Saturday, February 27, 2010

Really, NBC? Are you THAT obvious?

(Yes, yes, it's another Olympics post.)

OK, in case you missed it, here's what went down.  Apolo Ohno is in the 500m finals.  Which is pretty impressive, actually, as he's skating against folks that are ranked 1 and 2 in the world in this event, and he's like 9th.  So he's kind of outclassed, and he knows it.  

So, they're off -- there are two Canadians, a South Korean, and Ohno.  Ohno is pretty much back of the pack the entire race.  Near the end, he tries to make a move for third.  Does this.  In the process, puts his hand on the butt of the Canadian dude in front of him.  Canadian dude slides out (in what appears to be the precise direction in which Ohno is pushing him) and crashes.  Meantime, South Korean guy and other Canadian guy have some sort of interaction, and the South Korean also goes flying.  Other Canadian Guy finishes first and Ohno second, because they're the only ones left standing.

There's a good chance Ohno is going to get DQ'd for this.  (NBC quickly cuts away from Ohno -- perhaps they don't want to air him celebrating the medal they don't think he's going to get, or maybe he doesn't think he's going to get it either.  Can't say.)  NBC commentators go to the tape, and it looks like Ohno pushed the guy.  NBC can't bring themselves to say "It looks like a DQ to us," and instead say, "If Canadian guy didn't fall, Ohno probably could have gotten away with it..."  (But, of course, he did fall, and the unspoken conclusion is that Ohno is totally going to get DQ'd.)  They also look at the tape of South Korean guy and other Canadian guy, and NBC is positive there's no DQ there.  They say it looks totally like South Korean guy fell of his own accord, and even grabbed at other Canadian guy's skate.  But NBC is pretty adamant that other Canadian guy's gold is solid and there will be no DQ for him, and pretty sure things don't look quite so good for Ohno.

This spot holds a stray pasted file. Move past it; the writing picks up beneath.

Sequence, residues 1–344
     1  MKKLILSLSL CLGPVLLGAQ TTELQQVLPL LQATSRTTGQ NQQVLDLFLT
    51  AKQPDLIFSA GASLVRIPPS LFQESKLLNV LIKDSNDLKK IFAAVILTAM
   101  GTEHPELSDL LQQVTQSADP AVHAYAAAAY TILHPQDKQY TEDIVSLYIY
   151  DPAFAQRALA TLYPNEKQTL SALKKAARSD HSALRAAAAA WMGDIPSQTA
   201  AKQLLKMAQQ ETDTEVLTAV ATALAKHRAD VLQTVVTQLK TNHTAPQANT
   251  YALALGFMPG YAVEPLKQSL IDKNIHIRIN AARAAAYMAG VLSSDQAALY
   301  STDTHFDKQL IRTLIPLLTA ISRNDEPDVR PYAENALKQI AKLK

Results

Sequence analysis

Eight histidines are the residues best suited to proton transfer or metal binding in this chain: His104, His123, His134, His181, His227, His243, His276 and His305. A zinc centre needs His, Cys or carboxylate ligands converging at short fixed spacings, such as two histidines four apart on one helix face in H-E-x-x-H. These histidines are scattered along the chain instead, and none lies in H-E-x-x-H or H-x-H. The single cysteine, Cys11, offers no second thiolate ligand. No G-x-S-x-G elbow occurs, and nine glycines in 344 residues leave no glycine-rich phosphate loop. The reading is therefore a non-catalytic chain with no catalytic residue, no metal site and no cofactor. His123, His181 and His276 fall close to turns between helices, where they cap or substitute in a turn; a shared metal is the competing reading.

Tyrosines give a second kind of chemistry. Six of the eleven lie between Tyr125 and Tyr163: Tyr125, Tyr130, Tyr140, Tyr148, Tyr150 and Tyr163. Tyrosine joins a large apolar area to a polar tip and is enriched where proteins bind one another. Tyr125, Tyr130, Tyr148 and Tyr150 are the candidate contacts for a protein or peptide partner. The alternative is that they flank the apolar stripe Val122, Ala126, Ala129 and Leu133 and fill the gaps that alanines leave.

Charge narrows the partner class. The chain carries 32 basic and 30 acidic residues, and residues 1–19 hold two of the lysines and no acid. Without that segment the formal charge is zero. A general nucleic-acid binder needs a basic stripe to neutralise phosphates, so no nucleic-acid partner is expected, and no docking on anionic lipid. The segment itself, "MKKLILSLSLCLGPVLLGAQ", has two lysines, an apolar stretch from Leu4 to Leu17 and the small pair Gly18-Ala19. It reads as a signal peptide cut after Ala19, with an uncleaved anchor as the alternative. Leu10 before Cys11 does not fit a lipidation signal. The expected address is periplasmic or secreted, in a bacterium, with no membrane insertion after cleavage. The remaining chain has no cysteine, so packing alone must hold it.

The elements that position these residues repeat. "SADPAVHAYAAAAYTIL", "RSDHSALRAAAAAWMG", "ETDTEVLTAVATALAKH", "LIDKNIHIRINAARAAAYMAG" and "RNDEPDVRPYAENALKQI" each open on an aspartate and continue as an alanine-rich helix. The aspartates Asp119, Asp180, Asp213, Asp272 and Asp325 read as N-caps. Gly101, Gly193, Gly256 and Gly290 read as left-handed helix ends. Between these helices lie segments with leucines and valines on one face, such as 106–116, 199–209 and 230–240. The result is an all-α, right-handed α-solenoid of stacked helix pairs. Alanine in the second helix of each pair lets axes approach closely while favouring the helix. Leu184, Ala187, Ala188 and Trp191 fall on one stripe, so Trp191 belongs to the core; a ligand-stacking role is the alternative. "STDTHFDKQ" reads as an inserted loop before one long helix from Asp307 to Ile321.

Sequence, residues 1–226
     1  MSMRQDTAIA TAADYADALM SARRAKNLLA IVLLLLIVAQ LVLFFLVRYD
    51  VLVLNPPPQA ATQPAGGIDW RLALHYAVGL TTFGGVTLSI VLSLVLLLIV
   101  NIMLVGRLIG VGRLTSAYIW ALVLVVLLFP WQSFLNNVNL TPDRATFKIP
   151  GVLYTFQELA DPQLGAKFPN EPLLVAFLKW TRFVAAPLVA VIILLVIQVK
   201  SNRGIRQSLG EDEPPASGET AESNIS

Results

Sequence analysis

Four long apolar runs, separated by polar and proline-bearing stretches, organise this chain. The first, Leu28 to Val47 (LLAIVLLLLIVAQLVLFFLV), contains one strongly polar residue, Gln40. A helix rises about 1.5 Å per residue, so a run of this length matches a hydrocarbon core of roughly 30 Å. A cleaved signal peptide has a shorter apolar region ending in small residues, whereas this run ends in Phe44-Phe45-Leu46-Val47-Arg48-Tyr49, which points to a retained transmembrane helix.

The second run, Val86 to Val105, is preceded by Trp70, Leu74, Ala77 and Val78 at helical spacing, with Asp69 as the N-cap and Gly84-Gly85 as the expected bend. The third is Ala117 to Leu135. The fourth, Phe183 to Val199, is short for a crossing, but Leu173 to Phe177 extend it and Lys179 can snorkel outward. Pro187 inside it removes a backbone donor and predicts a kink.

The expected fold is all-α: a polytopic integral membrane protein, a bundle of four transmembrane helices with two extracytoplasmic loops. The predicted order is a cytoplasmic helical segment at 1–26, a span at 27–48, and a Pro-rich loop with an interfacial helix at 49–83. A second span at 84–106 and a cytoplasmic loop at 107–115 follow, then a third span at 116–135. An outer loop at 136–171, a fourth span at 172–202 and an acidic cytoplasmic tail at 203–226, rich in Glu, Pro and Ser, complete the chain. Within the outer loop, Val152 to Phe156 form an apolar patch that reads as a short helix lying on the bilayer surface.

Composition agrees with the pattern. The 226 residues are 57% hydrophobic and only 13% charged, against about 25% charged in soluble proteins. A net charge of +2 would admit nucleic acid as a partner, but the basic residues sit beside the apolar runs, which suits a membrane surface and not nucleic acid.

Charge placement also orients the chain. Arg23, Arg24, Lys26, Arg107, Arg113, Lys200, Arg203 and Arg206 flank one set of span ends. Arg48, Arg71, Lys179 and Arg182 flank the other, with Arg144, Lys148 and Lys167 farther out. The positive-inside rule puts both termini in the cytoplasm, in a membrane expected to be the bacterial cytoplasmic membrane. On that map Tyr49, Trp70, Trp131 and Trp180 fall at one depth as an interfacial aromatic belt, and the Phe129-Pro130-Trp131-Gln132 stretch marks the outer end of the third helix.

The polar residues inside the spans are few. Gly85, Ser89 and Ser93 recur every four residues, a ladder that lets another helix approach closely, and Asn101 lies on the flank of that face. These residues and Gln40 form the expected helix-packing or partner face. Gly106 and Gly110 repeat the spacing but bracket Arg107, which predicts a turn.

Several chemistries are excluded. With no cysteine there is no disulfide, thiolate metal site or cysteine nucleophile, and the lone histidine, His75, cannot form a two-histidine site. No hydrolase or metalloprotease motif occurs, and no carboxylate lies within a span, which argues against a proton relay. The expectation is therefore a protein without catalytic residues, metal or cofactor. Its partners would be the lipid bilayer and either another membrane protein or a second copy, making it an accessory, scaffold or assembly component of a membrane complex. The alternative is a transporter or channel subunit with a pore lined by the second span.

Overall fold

Ohno gets DQd; other Canadian guy doesn't.  So, yeah, NBC called it correctly. 

They interview Ohno.  I've always liked Ohno because he seems smart and handles himself well in interviews.  Generally not a sore loser (or sore winner) at all.  Just a decent sportsman.

Not so much today.  Ohno says he didn't deserve to get DQ'd.  He wasn't pushing the guy, just holding his hand out as a cushion so he didn't run into him.  (Now, normally I'd think this is bull, as Canadian guy didn't seem the type to just fly off his skates for no good reason -- but, hey, based on past experience, I'll cut Ohno some slack and think that maybe he wants to protect his reputation as someone who doesn't flagrantly foul other skaters.  At the same time, though, he's going on about how all the other skaters were really fast and he had to try a move -- and it almost sounds like he knew he was getting beat and figured he'd try a questionable pass, because he wasn't going to win anyway, so thought he'd take a shot.)